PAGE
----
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Zynga Testing Life Out of Facebook’s Nest

The company will take games straight to consumers


While Groupon has essentially committed IPO suicide, there is another upcoming deal that has been fairly quiet: Zynga.

But this week, the noise level ramped up.

Zynga, which is the leading developer of social games, launched 10 new titles. Some are sequels, such as Mafia Wars II. But there are some interesting new ones like CastleVille and Hidden Chronicles. Zynga is also getting more aggressive with Google’s (Nasdaq:GOOG) Google Plus social network as well as Apple’s (Nasdaq:AAPL) iPad.

Yet perhaps the most interesting initiative was its announcement Tuesday of Project Z. Two years in the making, this is a new online platform that allows for playing games on both desktop PCs and mobile devices. It’s Zynga’s way of weaning itself off of Facebook.

Keep in mind that much of the company’s revenue comes from the ubiquitous social network. And while this has certainly propelled growth, it does have some big risks. Might Facebook tighten its requirements — or even create its own games?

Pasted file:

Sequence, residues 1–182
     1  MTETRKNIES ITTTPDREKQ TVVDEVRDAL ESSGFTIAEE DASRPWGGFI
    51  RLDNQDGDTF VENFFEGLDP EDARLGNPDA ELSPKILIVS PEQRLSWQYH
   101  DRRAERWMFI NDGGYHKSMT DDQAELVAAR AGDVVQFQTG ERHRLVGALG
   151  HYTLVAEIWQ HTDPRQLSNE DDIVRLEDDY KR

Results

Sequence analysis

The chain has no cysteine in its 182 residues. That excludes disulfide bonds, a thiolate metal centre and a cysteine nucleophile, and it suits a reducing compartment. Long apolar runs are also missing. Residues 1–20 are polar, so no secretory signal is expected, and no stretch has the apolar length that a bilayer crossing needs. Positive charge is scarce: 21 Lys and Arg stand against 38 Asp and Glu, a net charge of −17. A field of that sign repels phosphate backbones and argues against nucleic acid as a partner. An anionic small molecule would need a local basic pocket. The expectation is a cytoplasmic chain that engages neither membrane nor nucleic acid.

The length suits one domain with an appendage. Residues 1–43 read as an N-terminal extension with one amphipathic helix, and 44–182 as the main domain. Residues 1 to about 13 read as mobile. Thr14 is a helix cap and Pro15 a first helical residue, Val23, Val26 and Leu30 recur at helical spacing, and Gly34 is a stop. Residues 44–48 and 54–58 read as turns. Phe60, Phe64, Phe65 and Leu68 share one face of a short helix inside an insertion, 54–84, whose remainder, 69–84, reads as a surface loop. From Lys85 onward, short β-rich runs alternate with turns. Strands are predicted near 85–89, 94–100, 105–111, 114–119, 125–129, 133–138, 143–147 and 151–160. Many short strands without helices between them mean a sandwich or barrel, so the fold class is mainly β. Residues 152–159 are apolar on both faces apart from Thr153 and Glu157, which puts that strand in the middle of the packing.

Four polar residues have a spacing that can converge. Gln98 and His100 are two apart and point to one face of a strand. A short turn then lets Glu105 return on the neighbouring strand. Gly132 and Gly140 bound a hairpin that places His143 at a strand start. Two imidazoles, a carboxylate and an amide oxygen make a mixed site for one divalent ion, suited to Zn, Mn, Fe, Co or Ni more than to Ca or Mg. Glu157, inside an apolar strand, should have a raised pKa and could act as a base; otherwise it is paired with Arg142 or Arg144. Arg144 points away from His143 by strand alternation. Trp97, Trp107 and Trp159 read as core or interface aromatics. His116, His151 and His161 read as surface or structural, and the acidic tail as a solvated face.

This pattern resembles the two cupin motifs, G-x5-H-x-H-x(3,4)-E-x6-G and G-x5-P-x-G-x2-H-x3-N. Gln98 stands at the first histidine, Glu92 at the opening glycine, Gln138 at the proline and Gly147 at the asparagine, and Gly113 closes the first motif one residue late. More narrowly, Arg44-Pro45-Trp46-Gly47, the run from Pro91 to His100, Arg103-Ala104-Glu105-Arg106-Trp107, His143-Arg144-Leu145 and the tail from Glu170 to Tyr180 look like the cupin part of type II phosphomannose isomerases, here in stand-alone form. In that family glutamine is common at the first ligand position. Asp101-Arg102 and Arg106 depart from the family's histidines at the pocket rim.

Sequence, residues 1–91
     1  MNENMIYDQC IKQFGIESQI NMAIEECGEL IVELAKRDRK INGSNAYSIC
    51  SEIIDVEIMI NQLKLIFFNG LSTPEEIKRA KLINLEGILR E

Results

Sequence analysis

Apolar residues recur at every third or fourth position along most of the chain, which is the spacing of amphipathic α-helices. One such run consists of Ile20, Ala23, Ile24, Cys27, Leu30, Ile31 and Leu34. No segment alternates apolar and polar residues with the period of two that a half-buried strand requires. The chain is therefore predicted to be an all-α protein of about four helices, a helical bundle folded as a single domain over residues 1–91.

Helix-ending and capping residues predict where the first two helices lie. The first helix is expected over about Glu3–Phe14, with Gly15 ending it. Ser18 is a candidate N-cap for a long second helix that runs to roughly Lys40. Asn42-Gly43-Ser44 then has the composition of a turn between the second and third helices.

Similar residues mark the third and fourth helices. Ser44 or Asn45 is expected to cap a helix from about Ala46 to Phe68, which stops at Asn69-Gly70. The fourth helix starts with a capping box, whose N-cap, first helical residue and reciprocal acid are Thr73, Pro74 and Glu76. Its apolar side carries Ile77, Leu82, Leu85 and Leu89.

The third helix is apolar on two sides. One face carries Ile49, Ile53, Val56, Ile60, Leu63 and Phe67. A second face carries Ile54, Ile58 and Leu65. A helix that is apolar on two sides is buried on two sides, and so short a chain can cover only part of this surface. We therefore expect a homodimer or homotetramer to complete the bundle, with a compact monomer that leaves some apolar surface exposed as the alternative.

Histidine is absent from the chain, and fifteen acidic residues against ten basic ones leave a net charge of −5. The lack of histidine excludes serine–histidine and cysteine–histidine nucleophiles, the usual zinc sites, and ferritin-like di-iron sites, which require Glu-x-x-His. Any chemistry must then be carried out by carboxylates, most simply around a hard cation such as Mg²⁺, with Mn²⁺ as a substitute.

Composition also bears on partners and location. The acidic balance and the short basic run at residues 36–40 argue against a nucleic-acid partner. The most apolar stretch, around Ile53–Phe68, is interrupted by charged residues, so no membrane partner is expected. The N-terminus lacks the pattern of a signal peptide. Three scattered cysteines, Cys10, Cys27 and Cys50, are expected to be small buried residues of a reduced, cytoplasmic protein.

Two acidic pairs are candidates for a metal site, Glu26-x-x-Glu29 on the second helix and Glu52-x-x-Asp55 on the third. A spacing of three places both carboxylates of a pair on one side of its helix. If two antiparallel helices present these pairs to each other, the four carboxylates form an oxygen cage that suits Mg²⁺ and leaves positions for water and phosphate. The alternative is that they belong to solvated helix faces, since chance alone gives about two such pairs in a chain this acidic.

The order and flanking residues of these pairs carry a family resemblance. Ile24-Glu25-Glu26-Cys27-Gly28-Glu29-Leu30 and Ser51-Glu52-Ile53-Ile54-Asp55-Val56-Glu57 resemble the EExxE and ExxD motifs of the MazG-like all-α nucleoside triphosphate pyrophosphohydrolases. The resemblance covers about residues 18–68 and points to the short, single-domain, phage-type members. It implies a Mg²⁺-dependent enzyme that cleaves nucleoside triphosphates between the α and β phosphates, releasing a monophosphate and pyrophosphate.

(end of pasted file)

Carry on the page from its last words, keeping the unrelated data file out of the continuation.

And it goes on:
In fact, Electronic Arts (Nasdaq:ERTS) is already making significant inroads on Facebook. Through acquisitions and the leveraging of its own content – such as “The Sims Social” — the company is now No. 2 in social games.

So with Project Z, Zynga will have much more control over its own environment – perhaps creating the gaming social graph. Moreover, it could be a way to avoid having to fork over huge fees to Facebook (the company gets a 30% cut for its credits).

If it works out, it could be a nice boost for the business. But will it be enough to get IPO inventors excited? If anything, it should help allay some of the fears.

In addition, it still looks like investors are hungry for social deals. Just look at the continued strength of LinkedIn (NYSE:LNKD).

We may see a Zynga offering hit the market within a month or so (the company filed for an IPO in July) – especially as stocks regain their footing. And it could turbo-charge the IPO market, which has been dead since August.

Tom Taulli is the author of “All About Short Selling” and “All About Commodities.” You can also find him at Twitter account @ttaulli. He does not own a position in any of the stocks named here.


Article printed from InvestorPlace Media,

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